It was February 2016, and I was about to embark on a trip to Central America with a group from my church. While I’d never been to Guatemala before, this feeling of anticipation was nothing new to me. Twenty-five years earlier, a much younger version of myself was leaving on a similar journey. I’d been ready then, too, to push myself to my physical and mental limits and make connections with people who lived in a world different from my own.
Still, I had no way of knowing how life changing this upcoming trip would be for me.
In the same way a Friendship Visit in Nebraska had impacted me in 1994, one particular stop on our mission trip in 2016 was especially meaningful. In Santiago Atitlán, we visited a small school and workshop known as ADISA. In the workshop, I met artisans like Diego, Davide, Francisca and Juan. Even though I was thousands of miles away, I had not felt more like I was back out on the road on Journey of Hope than I did during my time with ADISA.
Though separated by many miles, the needs were much the same.
Upon learning more about the financial needs of my new friends in Guatemala, I felt The Ability Experience could make an immediate impact. In March of last year, twenty Pi Kappa Phi men took a trip to Central America for the inaugural Ability Camp Guatemala. Over the course of a week, these men built a dental clinic which will provide free dental care to the region. Now in 2019, The Ability Experience has two crews returning to ADISA to share in this life-changing service opportunity! Wow.
While cycling from California to DC was one of my proudest accomplishments physically, I consider my experiences getting to know people with disabilities to be much more important personally. I know you understand the feeling, whether you were dancing with a joy-filled woman with cerebral palsy, building a ramp for a person who otherwise couldn’t have entered a building or helping give a puppet show teaching compassion for people with disabilities. Experiences like these stick with you for the rest of your life.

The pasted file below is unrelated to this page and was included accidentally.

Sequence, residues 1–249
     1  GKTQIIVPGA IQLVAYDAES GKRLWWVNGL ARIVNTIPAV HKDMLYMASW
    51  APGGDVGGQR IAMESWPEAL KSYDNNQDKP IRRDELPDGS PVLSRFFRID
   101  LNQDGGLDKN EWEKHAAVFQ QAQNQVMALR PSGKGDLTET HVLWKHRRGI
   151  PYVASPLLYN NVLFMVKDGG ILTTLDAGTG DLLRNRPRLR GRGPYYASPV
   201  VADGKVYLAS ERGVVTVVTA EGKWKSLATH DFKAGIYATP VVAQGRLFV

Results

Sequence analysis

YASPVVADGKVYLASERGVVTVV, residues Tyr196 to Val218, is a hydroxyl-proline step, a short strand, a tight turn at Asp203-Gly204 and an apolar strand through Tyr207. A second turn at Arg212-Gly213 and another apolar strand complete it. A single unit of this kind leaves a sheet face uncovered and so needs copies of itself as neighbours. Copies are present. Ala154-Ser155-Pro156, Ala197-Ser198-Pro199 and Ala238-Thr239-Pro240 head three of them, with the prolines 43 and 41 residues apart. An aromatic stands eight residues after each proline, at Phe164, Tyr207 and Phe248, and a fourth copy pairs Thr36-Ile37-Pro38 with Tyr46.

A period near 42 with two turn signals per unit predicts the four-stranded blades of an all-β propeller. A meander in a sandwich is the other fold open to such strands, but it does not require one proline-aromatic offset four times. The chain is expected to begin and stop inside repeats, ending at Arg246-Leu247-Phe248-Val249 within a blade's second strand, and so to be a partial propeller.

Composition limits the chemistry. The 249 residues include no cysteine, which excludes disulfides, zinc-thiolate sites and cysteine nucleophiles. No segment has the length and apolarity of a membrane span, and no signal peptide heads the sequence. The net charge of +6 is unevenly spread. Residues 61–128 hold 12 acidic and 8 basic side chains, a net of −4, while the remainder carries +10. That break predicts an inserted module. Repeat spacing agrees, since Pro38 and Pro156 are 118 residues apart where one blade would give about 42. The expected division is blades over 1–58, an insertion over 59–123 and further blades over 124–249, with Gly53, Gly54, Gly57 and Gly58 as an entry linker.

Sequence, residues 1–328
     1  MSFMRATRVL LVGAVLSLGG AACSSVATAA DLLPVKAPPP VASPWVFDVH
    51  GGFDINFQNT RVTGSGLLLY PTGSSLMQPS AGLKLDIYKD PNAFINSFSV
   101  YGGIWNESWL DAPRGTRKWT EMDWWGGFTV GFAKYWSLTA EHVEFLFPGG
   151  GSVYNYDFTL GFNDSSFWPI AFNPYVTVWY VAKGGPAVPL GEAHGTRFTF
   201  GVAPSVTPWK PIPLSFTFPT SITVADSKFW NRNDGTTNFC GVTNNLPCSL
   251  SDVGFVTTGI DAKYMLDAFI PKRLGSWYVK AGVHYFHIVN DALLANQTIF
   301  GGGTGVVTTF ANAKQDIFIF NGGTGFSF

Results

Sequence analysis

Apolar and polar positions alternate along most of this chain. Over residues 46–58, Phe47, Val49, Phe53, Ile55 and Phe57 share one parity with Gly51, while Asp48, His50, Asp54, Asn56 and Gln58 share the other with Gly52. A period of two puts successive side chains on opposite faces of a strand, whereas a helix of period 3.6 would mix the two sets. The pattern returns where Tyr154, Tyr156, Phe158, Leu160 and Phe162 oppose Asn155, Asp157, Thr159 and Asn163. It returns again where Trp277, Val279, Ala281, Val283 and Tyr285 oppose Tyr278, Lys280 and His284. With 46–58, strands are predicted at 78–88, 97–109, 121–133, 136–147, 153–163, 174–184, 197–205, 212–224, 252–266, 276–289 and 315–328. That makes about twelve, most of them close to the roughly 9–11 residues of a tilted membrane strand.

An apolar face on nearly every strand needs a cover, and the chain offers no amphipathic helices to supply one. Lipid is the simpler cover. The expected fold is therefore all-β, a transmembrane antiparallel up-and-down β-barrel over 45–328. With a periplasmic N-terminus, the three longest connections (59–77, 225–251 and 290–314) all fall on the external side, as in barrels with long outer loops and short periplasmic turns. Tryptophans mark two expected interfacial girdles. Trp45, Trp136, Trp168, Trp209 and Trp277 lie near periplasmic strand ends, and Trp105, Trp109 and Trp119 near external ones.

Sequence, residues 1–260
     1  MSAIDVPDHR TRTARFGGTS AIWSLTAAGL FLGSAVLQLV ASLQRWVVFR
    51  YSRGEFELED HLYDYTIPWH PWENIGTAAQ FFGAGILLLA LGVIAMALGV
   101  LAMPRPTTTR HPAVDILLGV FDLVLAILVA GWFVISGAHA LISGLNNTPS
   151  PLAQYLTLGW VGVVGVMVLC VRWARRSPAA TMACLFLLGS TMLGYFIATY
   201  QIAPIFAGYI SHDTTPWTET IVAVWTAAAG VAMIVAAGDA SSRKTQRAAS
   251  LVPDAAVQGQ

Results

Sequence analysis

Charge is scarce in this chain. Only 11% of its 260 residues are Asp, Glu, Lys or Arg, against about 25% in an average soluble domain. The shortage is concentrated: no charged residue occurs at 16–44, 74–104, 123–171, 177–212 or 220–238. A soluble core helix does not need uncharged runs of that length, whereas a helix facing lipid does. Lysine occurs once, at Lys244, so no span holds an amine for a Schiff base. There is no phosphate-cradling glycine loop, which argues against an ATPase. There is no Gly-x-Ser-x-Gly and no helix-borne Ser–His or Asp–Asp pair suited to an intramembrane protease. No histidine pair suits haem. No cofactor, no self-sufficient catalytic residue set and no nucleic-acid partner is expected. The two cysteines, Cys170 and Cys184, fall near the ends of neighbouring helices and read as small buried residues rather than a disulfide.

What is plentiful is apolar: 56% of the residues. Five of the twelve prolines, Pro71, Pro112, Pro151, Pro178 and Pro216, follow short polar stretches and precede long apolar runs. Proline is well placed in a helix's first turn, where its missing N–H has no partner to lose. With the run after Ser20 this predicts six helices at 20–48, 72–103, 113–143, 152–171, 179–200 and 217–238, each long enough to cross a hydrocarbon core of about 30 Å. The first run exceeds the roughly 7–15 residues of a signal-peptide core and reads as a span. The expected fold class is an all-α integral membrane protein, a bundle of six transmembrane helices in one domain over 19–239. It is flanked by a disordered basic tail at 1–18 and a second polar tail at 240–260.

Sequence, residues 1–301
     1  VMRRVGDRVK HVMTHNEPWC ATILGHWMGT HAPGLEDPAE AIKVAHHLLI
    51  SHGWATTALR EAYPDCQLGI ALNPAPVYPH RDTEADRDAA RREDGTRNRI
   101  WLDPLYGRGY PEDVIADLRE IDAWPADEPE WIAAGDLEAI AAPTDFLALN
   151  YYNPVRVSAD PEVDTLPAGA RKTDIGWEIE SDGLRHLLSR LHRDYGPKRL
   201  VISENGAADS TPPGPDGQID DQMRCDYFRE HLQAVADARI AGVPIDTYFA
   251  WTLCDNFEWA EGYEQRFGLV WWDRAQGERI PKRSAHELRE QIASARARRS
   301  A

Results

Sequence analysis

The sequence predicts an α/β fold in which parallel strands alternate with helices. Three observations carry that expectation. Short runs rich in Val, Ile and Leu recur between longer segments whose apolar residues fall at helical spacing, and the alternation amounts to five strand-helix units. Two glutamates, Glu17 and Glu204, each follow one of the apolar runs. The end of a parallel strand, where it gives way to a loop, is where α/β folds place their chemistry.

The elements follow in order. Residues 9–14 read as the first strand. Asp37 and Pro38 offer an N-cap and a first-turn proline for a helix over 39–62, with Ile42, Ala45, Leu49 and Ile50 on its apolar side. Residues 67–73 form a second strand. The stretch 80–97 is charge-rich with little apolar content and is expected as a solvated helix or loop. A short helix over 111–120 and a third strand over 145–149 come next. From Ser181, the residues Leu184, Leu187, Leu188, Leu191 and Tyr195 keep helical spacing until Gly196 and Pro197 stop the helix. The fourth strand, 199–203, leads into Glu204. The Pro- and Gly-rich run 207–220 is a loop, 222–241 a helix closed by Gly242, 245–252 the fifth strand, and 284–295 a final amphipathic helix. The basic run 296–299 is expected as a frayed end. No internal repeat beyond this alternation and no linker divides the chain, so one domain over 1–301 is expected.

These lessons changed me as a person. This is why I consider Journey of Hope pivotal in my life. It allowed me the opportunity to turn my attention from myself, to serving others.
For me, The Ability Experience has come full circle. Won’t you join me in becoming a member of the 77 Society?
Sign up for a monthly gift today and show the world that you, too, have learned the importance of looking beyond yourself and to the needs of others.
Doing the good work requires support, OUR support as Pi Alphas.
I don’t think I could ever repay the organization for what I learned in the summer of 1994, but my monthly donation as a 77 Society member is the least I can do to help push the mission forward.
An automatic monthly draft of whatever amount you can give is an effortless way to ensure The Ability Experience has the support of the Pi Alpha community – the support to fund even more shared experiences, like Ability Camp Guatemala, that deeply impact people with disabilities. Please sign up.
Pi Alpha – North ‘94